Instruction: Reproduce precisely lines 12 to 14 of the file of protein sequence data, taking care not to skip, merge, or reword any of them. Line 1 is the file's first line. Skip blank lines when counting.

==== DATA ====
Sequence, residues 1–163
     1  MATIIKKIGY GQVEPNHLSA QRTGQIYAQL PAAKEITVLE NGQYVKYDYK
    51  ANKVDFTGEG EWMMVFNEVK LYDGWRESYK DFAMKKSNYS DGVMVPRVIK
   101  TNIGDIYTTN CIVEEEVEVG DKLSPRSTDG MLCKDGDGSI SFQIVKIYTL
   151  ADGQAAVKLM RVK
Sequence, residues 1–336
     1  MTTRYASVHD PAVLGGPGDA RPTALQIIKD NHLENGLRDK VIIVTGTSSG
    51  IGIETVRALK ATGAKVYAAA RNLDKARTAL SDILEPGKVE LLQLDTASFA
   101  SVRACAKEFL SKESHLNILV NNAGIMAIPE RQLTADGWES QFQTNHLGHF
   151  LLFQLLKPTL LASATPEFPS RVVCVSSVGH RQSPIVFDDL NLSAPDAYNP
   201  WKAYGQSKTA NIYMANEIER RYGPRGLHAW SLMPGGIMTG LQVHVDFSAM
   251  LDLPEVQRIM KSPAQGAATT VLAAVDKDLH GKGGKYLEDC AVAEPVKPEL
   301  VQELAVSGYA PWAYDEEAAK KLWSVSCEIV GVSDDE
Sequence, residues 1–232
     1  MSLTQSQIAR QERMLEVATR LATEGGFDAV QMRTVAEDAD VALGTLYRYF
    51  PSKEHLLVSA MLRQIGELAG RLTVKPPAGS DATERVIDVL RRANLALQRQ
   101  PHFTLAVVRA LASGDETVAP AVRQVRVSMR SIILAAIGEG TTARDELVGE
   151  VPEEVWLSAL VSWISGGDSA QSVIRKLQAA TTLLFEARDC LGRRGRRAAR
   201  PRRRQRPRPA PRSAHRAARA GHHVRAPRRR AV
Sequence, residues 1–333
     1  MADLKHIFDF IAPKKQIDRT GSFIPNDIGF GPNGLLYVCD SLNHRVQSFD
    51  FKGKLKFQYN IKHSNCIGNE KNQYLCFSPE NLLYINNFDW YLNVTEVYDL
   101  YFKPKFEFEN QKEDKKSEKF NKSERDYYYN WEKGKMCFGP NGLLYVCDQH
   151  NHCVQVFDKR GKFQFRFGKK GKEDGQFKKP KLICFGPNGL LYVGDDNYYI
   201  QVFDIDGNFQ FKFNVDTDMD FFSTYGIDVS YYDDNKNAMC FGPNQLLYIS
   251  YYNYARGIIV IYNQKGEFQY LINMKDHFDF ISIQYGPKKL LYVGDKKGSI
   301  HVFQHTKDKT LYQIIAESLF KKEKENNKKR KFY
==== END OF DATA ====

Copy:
   251  LDLPEVQRIM KSPAQGAATT VLAAVDKDLH GKGGKYLEDC AVAEPVKPEL
   301  VQELAVSGYA PWAYDEEAAK KLWSVSCEIV GVSDDE
Sequence, residues 1–232